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The Northern Mariana Islands and the battle against climate change

by | May 23, 2023 | Northern Mariana Islands, Science and Environment | 1 comment

The story of American territories has always been interspersed with, but often independent from, the problems and actions of the mainland. But over the past few years, the effects of climate change have become more pronounced, adding another axis upon which US territories’ have been disconnected from the federal government in spite of a common challenge.

The Northern Mariana Islands, similarly to other island territories, are uniquely threatened by the adverse effects of climate change. With global warming comes extreme weather events, coral reef degradation, and damage to coastal infrastructure, all of which threaten to undermine the CNMI’s economy. Such climate-related shocks are bad enough on their own, but they are compounded by the Northern Mariana Islands’ economic reliance on a tourism economy, which climate change may disrupt.

The commonwealth’s struggle with climate change is compounded by American corporate impunity and uneven legal enforcement. According to new research, “green crime,” or the violation of environmental laws, particularly by American businesses, pervades the territories. This misconduct stems, in some part, from the territories’ colonial legacy: citizens of the territories do not have the same full legal rights as mainland American citizens and thus are less able to win environmental justice in court. The combination of climate change on a macro scale, devastating territorial economies specifically, and the environmental neglect on a micro-scale in each territory has left the Northern Mariana Islands and other US territories struggling with climate change.

Yet the territories are slowly turning it around, thanks in large part to increased cooperation with the federal government, which has for so long neglected the territories’ environmental issues. In 2020, Representative Grijalva (D) of Arizona proposed a bill to deal with the territories crisis, recognizing that “US territories are facing sea level rise, more frequent and intense tropical storms, extreme temperatures, and serious public health risks because they’re on the front lines of the climate crisis.” His plan included increased funding for the territories’ battle against climate change, an Office of Insular Area Energy Policy and Programs, and a rebate program to dampen energy demand in the islands. The bill did not pass, but it inaugurated the increased attention of the federal government to the climate struggles of the territories. In March of 2023, the Northern Mariana Islands’ new governor Arnold Palacios (I), continued this trend. The American Environmental Protection Agency sent regional administration Martha Guzman to visit the commonwealth on behalf of the EPA’s new zero waste goal. Palacios announced the week of March 27 to be Zero Waste Week and promised the CNMI’s partnership with the EPA would be “vital to the beauty and quality of life of our people.” His commitment to the EPA’s initiatives, and the EPA’s willingness to cooperate with the long-neglected territories on the issue of global warming, symbolizes new hope for the territories’ environmental prospects. If the CNMI wants to preserve the economic stability of the islands and the lifestyle of the residents, stemming climate change will be vital, and increased federal-commonwealth cooperation puts them on the path to just that.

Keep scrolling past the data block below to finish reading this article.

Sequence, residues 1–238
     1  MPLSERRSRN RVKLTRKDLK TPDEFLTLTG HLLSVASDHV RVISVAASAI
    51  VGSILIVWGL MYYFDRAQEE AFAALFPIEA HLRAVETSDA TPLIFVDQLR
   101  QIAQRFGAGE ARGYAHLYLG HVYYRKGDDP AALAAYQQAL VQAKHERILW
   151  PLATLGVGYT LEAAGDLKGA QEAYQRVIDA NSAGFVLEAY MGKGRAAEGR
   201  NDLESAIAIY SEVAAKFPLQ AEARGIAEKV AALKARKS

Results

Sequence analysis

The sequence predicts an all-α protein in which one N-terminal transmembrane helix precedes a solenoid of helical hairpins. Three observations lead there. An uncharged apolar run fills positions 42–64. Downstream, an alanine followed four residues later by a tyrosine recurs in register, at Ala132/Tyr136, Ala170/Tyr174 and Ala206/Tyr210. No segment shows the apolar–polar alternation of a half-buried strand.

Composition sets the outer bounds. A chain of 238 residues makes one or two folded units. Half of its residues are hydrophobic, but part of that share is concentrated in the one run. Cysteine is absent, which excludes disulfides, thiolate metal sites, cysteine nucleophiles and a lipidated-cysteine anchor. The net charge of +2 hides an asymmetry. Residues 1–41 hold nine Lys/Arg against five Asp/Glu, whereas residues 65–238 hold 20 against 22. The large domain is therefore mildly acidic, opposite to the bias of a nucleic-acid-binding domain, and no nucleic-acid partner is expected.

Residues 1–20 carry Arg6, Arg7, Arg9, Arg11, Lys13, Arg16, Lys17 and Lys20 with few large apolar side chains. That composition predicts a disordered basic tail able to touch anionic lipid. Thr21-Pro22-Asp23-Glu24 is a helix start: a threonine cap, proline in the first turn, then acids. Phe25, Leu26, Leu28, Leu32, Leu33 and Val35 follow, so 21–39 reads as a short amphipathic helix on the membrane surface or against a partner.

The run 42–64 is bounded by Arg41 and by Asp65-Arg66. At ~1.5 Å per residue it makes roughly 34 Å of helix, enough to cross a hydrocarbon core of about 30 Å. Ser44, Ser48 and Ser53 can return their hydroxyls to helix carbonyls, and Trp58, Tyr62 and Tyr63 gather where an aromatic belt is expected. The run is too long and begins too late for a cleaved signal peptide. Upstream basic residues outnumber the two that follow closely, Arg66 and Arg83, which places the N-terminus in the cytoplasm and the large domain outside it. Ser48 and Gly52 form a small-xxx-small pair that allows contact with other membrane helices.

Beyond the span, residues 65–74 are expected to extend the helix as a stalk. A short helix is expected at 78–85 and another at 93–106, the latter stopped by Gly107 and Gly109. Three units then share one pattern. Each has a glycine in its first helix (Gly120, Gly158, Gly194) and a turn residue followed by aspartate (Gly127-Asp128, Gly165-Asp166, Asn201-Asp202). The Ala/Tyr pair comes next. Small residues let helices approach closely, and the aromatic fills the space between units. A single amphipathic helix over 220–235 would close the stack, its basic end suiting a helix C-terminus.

Kabir Buch

Kabir Buch

Kabir Buch is a senior at the Harker School in California. He’s passionate about constitutional law and political science, and worked on a lawsuit protecting free speech rights on social media (Cool World v. Twitter). He's deeply interested in global affairs and is a captain of his school's debate team. In his free time, he loves hiking, strolling through his neighborhood, and reading fantasy novels. At Pasquines, he's the Northern Mariana Islands Affairs Intern Editor.

1 Comment

  1. Arnold Davis

    Plenty of assertions here without supporting data. Temperature increase? I doubt it. More frequent and severe weather? Too bad this author isn’t old enough to remember the “typhoon alley” experiences of the 1970s and 80s,when four or five direct hits annually from super typhoons wasn’t uncommon. Sea level rise? Prove it!


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